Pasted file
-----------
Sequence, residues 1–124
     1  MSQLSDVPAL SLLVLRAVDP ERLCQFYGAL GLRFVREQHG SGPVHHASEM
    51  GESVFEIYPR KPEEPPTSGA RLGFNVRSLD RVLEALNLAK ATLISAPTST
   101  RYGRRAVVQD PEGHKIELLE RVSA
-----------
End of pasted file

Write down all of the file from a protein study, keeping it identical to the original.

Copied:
Sequence, residues 1–124
     1  MSQLSDVPAL SLLVLRAVDP ERLCQFYGAL GLRFVREQHG SGPVHHASEM
    51  GESVFEIYPR KPEEPPTSGA RLGFNVRSLD RVLEALNLAK ATLISAPTST
   101  RYGRRAVVQD PEGHKIELLE RVSA